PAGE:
Jan 24, 2020

Kung hei fat choi, depending on when you’ll be reading this!

On the first new moon from Jan. 20 to Feb. 21, the Chinese calendar being a lunisolar one determined by the movement of the moon, we celebrate the Chinese New Year. It’s a holiday that’s inextricable from tradition; the Chinese New Year’s practices are steeped in centuries-old customs that dictate how the rest of the year is going to be. A huge part of this is what you choose to set your dinner table with. Do you prepare yourself for prosperity? For good luck? For wealth? In all those cases, that is set with specific auspicious dishes.

To help you plan, here are dishes you should have on your dinner table (and the folklore behind them) come the new year.


Jiaozi dumplings, the crescent-shaped dumplings with pressed edges, are arguably one of the most important dishes on a Lunar New Year table. These dumplings symbolize wealth as their shape is similar to Chinese ingots, an early form of currency used during imperial China. 


Noodles, specifically the long and thin longevity noodles, symbolize long life. As such, these noodle strands are not supposed to be cut when they’re served for the Chinese New Year. In fact, it’s customary to slurp them down without chewing so they remain intact.

Glutinous Rice Cake (nian gao)

The glutinous rice cakes associated with the holiday are called nian gao. The name sounds similar to the Chinese phrase for “higher year” (or getting a promotion or becoming more prosperous), which is why the sticky sweet snack has become an auspicious snack.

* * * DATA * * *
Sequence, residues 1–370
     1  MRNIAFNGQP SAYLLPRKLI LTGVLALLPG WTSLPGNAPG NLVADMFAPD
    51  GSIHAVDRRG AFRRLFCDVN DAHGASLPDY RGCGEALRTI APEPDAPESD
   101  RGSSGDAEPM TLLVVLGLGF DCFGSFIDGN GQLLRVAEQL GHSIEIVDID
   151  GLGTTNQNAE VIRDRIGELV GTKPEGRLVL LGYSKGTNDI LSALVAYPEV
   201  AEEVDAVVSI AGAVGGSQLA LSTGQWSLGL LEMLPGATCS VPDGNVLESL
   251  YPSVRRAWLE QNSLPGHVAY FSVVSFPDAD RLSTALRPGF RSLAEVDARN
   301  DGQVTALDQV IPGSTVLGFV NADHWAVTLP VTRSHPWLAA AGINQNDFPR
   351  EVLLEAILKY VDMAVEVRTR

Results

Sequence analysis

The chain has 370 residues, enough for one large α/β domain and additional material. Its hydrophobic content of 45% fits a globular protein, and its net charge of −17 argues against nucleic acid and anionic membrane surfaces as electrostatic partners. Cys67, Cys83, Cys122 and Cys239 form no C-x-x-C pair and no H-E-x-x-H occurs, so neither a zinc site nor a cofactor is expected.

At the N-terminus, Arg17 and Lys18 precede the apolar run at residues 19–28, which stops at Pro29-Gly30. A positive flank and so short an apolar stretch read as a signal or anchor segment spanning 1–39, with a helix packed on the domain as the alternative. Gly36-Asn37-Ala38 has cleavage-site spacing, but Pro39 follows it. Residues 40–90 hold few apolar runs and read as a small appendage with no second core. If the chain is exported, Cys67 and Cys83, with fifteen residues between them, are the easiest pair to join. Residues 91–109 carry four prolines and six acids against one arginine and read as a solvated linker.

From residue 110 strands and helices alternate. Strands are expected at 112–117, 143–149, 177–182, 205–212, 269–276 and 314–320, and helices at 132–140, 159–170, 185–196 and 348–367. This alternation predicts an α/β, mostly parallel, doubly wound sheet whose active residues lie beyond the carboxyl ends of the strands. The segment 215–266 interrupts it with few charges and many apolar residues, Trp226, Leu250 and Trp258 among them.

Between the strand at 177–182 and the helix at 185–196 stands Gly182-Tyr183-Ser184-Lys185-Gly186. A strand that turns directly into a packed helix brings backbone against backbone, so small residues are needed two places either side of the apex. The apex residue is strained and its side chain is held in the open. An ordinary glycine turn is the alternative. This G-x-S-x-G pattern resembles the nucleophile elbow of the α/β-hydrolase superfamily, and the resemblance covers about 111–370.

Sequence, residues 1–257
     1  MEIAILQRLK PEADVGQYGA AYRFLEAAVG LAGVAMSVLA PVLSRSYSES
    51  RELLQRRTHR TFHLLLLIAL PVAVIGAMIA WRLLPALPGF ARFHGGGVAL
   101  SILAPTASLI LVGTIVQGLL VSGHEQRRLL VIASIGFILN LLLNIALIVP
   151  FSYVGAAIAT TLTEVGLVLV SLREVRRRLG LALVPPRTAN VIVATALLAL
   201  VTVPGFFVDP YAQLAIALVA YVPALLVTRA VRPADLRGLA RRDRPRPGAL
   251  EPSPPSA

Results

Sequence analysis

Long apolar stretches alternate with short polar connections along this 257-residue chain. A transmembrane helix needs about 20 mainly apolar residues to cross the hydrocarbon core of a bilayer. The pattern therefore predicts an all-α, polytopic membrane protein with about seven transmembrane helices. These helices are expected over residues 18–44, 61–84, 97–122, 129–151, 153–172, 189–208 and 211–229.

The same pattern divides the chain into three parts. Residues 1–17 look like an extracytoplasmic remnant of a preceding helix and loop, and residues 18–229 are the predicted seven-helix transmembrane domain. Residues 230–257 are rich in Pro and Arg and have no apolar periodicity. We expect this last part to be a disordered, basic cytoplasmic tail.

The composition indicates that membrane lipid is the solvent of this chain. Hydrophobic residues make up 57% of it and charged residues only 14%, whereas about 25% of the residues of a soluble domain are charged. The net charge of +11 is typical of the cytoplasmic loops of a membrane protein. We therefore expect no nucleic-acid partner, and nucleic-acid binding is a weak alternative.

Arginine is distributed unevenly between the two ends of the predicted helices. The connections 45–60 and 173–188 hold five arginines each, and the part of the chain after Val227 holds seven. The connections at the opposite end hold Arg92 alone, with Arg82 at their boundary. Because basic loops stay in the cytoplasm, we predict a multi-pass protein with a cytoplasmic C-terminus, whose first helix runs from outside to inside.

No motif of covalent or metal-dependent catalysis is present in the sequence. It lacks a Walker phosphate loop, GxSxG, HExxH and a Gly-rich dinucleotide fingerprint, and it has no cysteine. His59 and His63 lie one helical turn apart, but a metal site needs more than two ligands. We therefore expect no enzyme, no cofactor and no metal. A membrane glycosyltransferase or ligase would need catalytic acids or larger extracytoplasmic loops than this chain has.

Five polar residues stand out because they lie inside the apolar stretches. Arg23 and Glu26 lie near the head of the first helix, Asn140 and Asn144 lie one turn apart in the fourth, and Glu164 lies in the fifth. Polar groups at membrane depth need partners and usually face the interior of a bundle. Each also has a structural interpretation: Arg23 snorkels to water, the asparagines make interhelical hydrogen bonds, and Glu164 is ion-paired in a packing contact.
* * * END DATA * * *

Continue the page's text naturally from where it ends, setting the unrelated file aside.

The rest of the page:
Steamed fish served whole is important. The Mandarin word for fish sounds similar to the word for surplus, which is an indicator of wealth. To ensure that you’ll have an abundance of wealth and food in the coming year, there are rules as to how you should serve and eat fish like it should be the last remaining dish on the table and its leftovers be eaten the next day to symbolize the year’s wealth spilling into the following one.


Like fish, chicken is served whole (head and feet intact) for the Chinese New Year. It’s meant to symbolize rebirth and togetherness.

Round fruits


Round fruits like oranges, tangerines, and pomelos are musts for a Llunar New Year feast because of their color and shape: roundness symbolizes unity, while their golden color is believed to attract wealth. Aside from that, these fruits are considered auspicious because their names are homophones for wealth, luck, and success.


Featured photo by Yuwei Shaw on Unsplash

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Read more:

5 places to feast with family and friends for Chinese New Year

5 temples you can visit to ring in the Chinese New Year

Eat your way through Chinatown for P500 or less

TAGS: auspicious food Chinese New Year lunar new year nolisoli.ph